Men's Journal

Life Advice from Anthony Hopkins

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What experience most changed your life?

Like a lot of actors, I was a dull student. I couldn’t concentrate. In those days, the schoolmasters used to slap us around, so I accumulated a lot of resentment for authority figures and thought, “Well, screw you,” and made my own course in life.

What’s the best survival skill you know?

I like food, but I got tired of being heavy, so I went on a really good regime of eating healthy and exercising for an hour a day and lost 80 pounds over 10 months. I’m not a nutty, macrobiotic kind of guy, but I enjoy being alive.

What should every man know about money?

It’s best not to get involved with the power and prestige of money. Treating people with contempt and rudeness is unspeakable. I see this in the movie industry all the time. The main thing to remember is that we all end up in the same dust cart at the end of the walk.

What’s the best advice you’ve ever received?

I was living in London during the Cuban missile crisis. I called my father and told him I was worried about nuclear holocaust. He said, “It’s okay because it will be over in a flash in London and you won’t feel a thing. If you were still in Wales, you’d suffer from the fallout.” I got a big relief from that.

What book should every man read?

There is a book by Theodore Rubin called Compassion and Self-Hate. It’s not a self-help book, but it is, in a way. It’s a look inside the darkness of the human soul — how we get sucked into giving ourselves a bad time and how we can actually talk ourselves away from that.

What movie should every man see?

I’m not a movie aficionado, so I don’t know. I like good movies, but some people take it all very seriously. They get consumed and have lectures and talk about the arc of the part and the metaphor. I don’t know what they’re talking about. Somebody mentions Orson Welles, and I think, “Here we go again.” Just learn your lines, show up, and do it. I’m probably a very shallow actor.

When is it okay for a man to lie?

We all are liars. If you see someone who has an unfortunate predisposition to being fat, I think the thing is never to comment on it. A guy said to me once, “You’re packing on the pounds.” I said, “Your breath stinks. Do I ever tell you that?” When someone says, “Do you mind if I’m honest?” say yes.

Do you have a scar that tells a story?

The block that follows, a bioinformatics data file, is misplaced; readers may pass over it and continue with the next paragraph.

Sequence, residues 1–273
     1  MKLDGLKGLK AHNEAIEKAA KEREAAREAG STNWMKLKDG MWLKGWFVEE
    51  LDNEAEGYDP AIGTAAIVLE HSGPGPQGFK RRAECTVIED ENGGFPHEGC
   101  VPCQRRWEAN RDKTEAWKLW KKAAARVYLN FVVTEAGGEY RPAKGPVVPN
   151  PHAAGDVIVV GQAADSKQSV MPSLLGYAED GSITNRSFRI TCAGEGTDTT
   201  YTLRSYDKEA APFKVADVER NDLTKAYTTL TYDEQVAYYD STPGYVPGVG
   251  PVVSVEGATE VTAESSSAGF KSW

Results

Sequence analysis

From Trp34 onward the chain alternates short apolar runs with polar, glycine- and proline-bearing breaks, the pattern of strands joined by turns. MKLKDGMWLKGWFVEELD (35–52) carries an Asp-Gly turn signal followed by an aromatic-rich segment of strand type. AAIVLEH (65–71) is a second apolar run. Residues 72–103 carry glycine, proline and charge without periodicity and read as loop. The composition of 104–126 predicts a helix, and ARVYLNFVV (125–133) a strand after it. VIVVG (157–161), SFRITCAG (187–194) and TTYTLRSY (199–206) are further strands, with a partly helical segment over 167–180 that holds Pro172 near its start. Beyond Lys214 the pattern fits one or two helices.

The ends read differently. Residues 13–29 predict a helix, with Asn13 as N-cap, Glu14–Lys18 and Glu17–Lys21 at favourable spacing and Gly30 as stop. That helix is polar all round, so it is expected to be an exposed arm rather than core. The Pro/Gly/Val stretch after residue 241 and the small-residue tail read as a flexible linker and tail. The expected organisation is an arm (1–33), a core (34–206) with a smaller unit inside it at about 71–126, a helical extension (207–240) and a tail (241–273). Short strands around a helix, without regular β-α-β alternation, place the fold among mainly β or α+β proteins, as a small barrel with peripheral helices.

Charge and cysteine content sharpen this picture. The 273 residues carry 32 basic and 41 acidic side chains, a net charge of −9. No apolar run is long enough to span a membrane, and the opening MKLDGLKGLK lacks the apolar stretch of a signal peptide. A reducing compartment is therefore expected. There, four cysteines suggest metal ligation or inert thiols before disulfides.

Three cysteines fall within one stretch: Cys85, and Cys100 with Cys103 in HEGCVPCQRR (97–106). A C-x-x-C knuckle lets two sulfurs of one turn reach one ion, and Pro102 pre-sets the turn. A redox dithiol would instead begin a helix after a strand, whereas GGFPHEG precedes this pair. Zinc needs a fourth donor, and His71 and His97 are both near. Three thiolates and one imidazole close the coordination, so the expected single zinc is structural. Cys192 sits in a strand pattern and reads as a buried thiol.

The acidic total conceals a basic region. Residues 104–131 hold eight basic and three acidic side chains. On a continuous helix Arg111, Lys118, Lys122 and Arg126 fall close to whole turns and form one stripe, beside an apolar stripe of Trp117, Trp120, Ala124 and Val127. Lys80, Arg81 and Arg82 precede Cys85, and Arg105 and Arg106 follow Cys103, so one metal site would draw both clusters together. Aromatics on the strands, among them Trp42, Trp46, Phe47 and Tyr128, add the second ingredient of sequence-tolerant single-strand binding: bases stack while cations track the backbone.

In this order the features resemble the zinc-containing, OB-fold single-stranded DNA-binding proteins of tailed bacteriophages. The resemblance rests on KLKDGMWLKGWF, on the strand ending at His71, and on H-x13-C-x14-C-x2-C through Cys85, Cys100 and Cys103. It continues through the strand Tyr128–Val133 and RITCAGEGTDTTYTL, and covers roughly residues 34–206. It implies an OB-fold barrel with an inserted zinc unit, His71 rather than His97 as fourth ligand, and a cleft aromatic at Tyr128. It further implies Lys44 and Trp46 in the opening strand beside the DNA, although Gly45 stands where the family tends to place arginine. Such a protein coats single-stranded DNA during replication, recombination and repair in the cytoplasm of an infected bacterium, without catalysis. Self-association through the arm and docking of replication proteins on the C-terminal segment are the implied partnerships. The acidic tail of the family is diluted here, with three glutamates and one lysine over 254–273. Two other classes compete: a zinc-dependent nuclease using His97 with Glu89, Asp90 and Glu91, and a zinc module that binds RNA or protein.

I was in woodworking class in school, working with a saw, and sliced through almost half the tendon in my left hand. The scar will be with me for the rest of my years.

Who is the toughest guy you know?

Alec Baldwin is a really strong man with great integrity. Before we started filming The Edge together in the Rocky Mountains, I dislodged something in my neck. I was in a lot of pain but thought I was duty-bound to finish this film. Alec just stopped everything one day and said, “This is crazy; you’re going to the hospital.” They found out I had a herniated disc, they operated, and I was back at work within three days. I admired Alec for being tough. Maybe a lot of people don’t like that, but I do because he’s been very forthright, very honest, and faithful.

How should a man handle getting older?

Accept it. It’s funny how life and time change you. It’s like the molecules of your being get realigned. I don’t take offense as easily as I used to. Everything I do now is like a gravy train. I work when a good part comes along, and if it doesn’t, then I paint and write music.

What advice would you give the younger you?

Lighten the fuck up.

What’s the key to staying young?

I paint, and I play the piano a lot — complex exercises in Bach and Chopin. It doesn’t matter if I play them well or not. I practice and practice to keep supple the coordination in my arms, my hands, my fingers. I do memory tests. I memorize lists of 450 to 500 words in sequence and link them all together with mental images so they flow easily. Then I’ll write a story using those words, just to exercise my imagination and brain cells. It’s fun.